The church has been rocked to its core by child sex abuse scandals- committed by its parish priests- which had been covered up by the church hierarchy for decades.

Even before Pope Benedict’s plane was half way over the Atlantic, he swallowed his pride and took the bull by the horns: He apologized for the sexual misconduct of his priests, possibly the biggest decision he has ever taken in his life.

At the height of the sex scandals, Benedict, then known as Cardinal Ratzinger, was head of the all powerful Congregation for the Doctrine of the Faith (CDF), the church’s watchdog in charge of doctrine.

He came out strongly in support of the US priests and Bishops saying that the accusations were a deliberate campaign to discredit the church and that it was “intentional, manipulated”.

So, what is it with his new about-turn? Has he suddenly seen the light? If that is the case, then he can not fail to see the blinding spotlight aimed at another “Catholic country” tucked away somewhere between East and Central Africa.

Rwanda has had its shares of woes. The same sexual predatory instincts among some clergy in the US have also been present in our own backyards, but the Rwandan clergy went a notch higher than their American colleagues; many of them actively took part in the 1994 Genocide.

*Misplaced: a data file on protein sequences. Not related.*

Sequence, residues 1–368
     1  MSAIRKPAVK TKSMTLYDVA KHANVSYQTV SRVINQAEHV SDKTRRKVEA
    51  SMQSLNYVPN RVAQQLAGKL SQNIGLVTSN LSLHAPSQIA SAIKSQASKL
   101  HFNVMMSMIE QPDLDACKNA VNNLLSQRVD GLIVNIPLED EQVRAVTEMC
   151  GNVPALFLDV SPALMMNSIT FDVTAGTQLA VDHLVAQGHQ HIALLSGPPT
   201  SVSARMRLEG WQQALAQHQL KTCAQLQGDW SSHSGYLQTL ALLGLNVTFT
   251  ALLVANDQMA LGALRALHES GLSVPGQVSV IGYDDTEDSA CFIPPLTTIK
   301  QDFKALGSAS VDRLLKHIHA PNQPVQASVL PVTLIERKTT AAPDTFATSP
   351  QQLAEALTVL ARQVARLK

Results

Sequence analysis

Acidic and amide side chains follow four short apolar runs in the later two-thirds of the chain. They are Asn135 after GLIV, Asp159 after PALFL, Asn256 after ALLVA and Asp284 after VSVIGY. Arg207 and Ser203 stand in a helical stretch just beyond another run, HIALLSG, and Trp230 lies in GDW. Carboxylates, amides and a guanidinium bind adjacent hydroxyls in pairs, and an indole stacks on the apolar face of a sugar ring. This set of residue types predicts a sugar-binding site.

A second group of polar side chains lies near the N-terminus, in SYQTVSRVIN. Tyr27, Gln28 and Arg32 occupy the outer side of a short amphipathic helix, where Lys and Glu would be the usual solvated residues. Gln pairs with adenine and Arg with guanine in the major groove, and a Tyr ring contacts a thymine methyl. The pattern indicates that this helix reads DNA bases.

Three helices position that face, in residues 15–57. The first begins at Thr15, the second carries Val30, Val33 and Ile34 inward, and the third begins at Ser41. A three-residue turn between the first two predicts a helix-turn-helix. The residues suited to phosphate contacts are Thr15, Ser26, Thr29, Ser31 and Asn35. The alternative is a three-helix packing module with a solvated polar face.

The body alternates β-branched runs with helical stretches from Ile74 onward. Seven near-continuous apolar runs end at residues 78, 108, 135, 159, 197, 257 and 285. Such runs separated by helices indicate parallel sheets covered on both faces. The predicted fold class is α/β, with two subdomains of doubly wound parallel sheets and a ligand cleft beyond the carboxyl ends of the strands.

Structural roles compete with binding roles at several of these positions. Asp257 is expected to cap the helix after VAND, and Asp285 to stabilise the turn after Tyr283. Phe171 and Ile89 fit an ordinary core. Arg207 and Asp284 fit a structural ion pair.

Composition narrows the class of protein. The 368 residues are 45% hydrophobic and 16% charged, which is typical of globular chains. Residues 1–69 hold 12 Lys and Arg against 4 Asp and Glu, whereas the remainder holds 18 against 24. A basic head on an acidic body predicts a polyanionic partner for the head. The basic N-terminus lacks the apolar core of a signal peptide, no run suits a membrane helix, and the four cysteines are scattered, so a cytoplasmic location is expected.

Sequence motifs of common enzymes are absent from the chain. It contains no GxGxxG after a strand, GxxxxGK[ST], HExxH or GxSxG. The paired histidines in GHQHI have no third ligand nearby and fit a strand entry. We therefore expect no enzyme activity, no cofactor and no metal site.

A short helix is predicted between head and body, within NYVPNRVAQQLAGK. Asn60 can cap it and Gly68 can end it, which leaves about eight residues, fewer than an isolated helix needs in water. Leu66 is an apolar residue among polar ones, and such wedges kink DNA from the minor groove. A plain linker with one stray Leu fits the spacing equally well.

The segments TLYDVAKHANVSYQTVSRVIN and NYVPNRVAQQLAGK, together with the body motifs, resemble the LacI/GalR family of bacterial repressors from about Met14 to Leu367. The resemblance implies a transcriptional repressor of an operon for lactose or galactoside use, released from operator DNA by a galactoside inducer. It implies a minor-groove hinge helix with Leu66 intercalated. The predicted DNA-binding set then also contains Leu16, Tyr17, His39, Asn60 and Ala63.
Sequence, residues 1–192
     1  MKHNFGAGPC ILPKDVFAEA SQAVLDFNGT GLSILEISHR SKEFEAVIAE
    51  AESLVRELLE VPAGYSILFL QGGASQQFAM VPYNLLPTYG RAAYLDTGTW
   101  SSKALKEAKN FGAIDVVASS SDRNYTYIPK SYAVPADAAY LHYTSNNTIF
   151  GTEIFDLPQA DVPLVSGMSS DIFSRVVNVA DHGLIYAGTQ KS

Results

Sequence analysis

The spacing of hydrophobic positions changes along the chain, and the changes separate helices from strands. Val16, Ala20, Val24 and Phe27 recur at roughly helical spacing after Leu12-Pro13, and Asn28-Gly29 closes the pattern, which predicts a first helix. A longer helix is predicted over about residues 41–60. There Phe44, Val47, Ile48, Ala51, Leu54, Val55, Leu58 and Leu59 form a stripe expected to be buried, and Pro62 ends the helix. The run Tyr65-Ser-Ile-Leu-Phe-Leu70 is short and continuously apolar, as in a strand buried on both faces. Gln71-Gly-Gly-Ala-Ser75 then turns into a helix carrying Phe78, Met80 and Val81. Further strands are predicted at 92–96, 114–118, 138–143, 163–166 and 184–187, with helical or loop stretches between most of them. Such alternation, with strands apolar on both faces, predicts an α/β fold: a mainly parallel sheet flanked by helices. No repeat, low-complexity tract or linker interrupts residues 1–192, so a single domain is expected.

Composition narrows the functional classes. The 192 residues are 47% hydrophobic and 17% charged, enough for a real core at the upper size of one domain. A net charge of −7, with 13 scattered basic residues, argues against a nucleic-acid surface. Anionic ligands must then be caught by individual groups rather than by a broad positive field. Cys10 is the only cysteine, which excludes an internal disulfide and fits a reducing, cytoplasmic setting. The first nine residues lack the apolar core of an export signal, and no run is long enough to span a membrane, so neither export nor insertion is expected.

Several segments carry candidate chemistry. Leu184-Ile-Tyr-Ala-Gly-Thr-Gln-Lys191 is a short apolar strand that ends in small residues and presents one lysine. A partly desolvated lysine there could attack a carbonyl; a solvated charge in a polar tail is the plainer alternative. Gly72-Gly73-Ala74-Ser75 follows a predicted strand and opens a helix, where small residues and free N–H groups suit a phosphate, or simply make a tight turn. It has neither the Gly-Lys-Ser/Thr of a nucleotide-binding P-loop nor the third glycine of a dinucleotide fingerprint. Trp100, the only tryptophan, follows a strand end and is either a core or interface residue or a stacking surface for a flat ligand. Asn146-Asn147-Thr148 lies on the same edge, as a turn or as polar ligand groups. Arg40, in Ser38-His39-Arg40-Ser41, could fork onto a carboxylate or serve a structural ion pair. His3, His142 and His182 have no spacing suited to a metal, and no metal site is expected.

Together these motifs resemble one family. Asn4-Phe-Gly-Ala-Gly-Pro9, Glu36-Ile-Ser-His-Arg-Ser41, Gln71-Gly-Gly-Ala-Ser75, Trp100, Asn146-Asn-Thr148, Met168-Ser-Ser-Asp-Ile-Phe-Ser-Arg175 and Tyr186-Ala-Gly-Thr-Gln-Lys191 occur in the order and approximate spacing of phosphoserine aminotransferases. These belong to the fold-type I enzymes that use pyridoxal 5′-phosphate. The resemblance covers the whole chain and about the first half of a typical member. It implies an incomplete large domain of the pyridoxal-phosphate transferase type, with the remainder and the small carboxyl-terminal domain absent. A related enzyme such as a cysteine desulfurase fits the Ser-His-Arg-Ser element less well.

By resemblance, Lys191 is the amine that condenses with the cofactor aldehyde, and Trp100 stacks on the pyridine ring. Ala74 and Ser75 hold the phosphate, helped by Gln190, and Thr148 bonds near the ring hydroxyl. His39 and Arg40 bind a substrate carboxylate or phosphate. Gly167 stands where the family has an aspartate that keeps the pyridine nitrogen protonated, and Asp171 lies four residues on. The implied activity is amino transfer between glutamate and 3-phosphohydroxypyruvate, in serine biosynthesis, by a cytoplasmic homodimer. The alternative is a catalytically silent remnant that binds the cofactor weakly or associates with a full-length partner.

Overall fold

Ratzinger as head of the CDF most definitely must have heard of the name Athanase Seromba, who was found guilty of Genocide by the UN tribunal for Rwanda (ICTR) who is now serving a life sentence.

He should definitely have heard that Seromba demolished his church using a bulldozer- probably the first priest in history to do so- and brought it crumbling down on Tutsi refugees who had taken shelter in it. 2000 souls perished in the rubble.

When his hired executioners developed cold feet on the idea of destroying the house of God, Seromba reassured them bysaying that members of his ethnic group “are many and they will build another church”.